ANNUAL ADDRESS BY THE PRESIDENT.
LADIES AND GENTLEMEN,—I have the honour to address you a second time from this chair—an honour I feel all the more keenly because I really did not anticipate being asked to keep better men out of it any longer, and because there is so much evidence that the Society is taking year by year a more prominent place among learned bodies.
My duty is to survey our last year's work, and that is as difficult as it is pleasing. By this I mean to say that so much good work has been accomplished, that it is really no easy task to summarise it satisfactorily, partly on account of its magnitude, partly on account of its excellence. The papers of the session and the publications are duly set forth in the annual report, though, personally, I demur to the classification there adopted, which appears to relegate to a minor order of importance papers which are short as distinguished from those that are long.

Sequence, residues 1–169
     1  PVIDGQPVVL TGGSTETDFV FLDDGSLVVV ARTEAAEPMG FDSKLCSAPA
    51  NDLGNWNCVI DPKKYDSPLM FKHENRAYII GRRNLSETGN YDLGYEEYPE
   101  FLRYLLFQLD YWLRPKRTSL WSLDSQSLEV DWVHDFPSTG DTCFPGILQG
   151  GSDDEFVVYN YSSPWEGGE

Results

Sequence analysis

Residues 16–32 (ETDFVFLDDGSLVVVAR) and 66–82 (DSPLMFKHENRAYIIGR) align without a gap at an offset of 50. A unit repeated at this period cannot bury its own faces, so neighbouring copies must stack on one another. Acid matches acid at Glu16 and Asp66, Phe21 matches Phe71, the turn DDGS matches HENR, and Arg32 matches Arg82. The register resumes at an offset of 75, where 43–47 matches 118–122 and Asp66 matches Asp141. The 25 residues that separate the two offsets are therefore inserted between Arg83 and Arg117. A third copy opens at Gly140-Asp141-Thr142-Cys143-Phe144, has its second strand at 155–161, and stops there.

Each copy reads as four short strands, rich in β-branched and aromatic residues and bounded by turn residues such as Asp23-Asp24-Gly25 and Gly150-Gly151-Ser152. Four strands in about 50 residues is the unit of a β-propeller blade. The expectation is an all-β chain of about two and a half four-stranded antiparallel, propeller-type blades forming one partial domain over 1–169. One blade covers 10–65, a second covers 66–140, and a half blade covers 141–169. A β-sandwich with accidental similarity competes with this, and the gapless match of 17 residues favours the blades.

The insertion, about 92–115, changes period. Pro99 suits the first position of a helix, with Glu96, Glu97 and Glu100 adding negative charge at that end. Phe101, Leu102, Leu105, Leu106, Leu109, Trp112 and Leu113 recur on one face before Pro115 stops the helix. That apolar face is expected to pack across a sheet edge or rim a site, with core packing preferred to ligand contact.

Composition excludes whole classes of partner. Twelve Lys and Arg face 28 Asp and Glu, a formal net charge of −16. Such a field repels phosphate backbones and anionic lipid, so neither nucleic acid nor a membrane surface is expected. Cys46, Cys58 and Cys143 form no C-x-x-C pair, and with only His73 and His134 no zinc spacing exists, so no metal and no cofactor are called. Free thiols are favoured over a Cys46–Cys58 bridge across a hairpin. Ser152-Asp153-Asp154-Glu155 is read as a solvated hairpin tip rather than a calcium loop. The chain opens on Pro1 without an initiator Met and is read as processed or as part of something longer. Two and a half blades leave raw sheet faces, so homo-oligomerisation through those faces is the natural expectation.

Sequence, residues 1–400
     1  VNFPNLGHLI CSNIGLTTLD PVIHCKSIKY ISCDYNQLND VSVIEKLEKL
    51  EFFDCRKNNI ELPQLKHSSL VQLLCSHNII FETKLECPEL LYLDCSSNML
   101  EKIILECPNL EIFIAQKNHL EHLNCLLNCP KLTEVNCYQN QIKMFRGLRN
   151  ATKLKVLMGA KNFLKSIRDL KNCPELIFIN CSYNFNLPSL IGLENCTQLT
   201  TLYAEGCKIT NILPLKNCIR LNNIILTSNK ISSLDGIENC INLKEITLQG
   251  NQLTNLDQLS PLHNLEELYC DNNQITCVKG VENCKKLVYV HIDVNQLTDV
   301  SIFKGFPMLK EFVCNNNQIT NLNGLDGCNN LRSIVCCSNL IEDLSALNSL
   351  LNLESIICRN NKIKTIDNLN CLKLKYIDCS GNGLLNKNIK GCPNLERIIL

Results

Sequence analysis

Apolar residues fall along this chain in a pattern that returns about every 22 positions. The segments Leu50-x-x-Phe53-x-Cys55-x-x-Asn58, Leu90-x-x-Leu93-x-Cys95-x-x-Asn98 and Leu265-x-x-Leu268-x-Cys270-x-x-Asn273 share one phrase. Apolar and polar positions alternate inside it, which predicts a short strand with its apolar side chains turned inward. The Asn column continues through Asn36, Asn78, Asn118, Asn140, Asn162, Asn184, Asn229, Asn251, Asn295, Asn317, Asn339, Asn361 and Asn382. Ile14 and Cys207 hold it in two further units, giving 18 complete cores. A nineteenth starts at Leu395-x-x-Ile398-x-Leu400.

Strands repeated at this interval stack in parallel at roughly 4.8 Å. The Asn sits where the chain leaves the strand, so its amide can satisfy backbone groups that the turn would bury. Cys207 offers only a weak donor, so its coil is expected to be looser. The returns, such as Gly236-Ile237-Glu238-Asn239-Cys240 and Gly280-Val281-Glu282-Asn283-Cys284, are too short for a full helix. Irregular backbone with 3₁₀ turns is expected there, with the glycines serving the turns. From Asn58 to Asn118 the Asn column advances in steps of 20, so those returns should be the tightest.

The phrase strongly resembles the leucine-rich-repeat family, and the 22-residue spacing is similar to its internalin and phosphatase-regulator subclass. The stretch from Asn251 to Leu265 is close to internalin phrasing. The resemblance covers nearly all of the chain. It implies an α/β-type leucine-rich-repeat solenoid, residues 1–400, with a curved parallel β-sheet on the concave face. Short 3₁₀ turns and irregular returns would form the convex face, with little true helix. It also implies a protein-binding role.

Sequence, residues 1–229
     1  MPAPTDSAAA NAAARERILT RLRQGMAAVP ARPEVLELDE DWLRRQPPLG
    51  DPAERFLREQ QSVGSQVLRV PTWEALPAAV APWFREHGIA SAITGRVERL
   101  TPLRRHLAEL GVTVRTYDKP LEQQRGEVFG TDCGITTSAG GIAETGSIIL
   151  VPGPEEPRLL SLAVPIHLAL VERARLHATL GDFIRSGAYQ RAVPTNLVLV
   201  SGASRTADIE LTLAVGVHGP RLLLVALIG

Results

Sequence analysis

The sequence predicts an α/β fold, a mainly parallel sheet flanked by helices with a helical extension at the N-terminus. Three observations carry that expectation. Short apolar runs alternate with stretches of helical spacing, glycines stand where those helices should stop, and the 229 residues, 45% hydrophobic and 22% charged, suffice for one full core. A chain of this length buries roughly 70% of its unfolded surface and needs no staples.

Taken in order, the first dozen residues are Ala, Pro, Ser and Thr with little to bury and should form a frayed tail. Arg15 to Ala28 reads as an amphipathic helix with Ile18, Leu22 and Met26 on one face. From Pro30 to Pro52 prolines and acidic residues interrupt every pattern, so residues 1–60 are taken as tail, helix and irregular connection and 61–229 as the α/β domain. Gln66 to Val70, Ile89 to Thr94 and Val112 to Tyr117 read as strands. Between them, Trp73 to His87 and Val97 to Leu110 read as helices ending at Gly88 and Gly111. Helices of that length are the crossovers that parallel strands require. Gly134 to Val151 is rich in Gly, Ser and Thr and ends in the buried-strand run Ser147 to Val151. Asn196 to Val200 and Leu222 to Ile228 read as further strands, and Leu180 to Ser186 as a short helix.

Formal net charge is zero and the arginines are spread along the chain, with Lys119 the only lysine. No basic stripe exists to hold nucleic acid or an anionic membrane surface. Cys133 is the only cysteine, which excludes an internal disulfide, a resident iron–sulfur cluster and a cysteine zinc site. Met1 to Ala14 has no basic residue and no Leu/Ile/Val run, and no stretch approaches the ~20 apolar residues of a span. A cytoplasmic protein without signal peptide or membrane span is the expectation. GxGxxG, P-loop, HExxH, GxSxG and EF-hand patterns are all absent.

Most of the papers have been published in the Society's official organ, Folk-Lore, while some have found a home elsewhere. It is a noteworthy fact that more attention has been paid this year to custom and belief than has hitherto been the case; and, as this has been my own especial department of inquiry, I cannot help expressing my pleasure at it—a pleasure, however, damped to a considerable degree